“All The King’s Men”, written and directed by Steve Zaillian and based on the book by Robert Penn Warren, was previously made into a film starring Broderick Crawford as Stark. I have never seen the original, so I am unable to make a comparison. The new version is good, but given the caliber of the actors involved, the writing and the subject matter, you would expect it to be great.
The film has a basic message: Absolute Power Corrupts Absolutely.
Power in Hollywood is sometimes represented by who you can get to act in your films. Director Steve Zaillian must have some power because he has assembled a top notch cast. From Sean Penn on down, the cast features a host of actors who have created memorable performances in almost everything they have ever done. As Stark, Penn does a great job of bringing the man’s eccentricities and vulnerabilities to light. Full of bravado, Stark soon learns he has a lot of power and doesn’t hesitate to use it. Starting out as a local small town whistleblower, he doesn’t change all that much when he becomes Governor. He is still loud and full of himself. But as Governor, he realizes people are willing to look past certain things. For instance, his wife (Talia Shire) rarely accompanies him and he takes every opportunity to have affairs, starting with Sadie (Clarkson) who is upset when she learns Stark slept with an exotic dancer. As Stark realizes his power, he becomes more confident in his ability to sweet talk people into doing things against their will. Jude Law is quite good as Stark’s right hand man, his Man Friday. Throughout, Stark asks him to do crooked things, yet he soon agrees to most. Law also provides the narration for the film, giving some color and flavor to the proceedings. Kate Winslet is good as Anne, Jack’s first and probably only love. There is a development with her character late in the film which seems a little tacked on, but otherwise, she is fine. Gandolfini seems to have fun as a Louisiana politico and Patricia Clarkson is also good as the eye of Stark’s affection who becomes upset when he cheats on her. Mark Ruffalo plays the pivotal role of Adam, the doctor and son of a former governor, who plays a part in Stark’s plan to reestablish respectability. The one problem in the cast is Anthony Hopkins who…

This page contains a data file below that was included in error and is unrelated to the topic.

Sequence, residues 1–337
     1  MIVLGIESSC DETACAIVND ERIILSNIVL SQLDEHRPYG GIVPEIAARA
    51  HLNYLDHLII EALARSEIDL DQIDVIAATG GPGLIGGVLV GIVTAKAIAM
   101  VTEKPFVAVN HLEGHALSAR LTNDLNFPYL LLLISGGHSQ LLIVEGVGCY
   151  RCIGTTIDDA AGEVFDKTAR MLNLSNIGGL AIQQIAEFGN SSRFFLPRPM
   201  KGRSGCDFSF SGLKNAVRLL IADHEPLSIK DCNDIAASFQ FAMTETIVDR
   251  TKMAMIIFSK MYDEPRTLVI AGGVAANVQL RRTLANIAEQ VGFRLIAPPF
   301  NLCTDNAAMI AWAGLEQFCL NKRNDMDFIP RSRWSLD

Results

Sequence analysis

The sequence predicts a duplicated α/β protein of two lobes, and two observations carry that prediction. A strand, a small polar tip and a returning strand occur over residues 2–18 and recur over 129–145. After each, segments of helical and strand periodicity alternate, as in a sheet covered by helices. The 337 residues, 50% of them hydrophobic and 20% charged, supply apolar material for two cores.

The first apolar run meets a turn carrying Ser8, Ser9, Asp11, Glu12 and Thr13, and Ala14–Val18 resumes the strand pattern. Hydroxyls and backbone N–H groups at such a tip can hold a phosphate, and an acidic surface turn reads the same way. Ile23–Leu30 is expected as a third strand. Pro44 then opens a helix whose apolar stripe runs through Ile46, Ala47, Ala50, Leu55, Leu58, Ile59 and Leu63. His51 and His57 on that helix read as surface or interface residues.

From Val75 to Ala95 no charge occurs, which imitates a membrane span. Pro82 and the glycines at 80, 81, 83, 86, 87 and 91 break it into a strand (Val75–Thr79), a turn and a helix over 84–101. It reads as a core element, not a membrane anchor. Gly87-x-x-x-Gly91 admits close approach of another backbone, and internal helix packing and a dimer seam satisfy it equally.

Corrupts his character by not even attempting a Southern accent. Hopkins is often regarded as one of the best actors working in film today. Yet, in “All The King’s Men”, he is the one actor who doesn’t even attempt a Southern accent, retaining his distinct British accent. This wouldn’t matter much, but his character is rather bland. It almost seems like Hopkins is going for a characterization the complete opposite of everyone else. He is quiet, calm and reserved when everyone else is over the top. As the story takes place in the mid-50s, in Louisiana, it seems more fitting to have loud bombastic characters. At least characters who seem to have a little life left in them. Every state has some history of corruption in the government, and Louisiana is certainly no exception. It just seems like a quite reserved character is a little out of place in this environment.
Absolutely the best thing about the film is the look. Every scene is filled with saturated colors which perfectly evoke both the feeling of the time and place and also pay homage to the films of this period. Director Zaillian has a real eye for detail and style. He is also a gifted writer, and he creates memorable characters, but the details of the story get a little lost. Also as a director, he has a little difficulty with the actors. They are all good, but given the caliber of this cast, they should be great.
“All The King’s Men” is a good film, and a good way to start of the fall movie season. Hopefully, this is a good sign of what is to come. Hopefully, if the quality continues to rise, we will have one of the best movie seasons in a long time.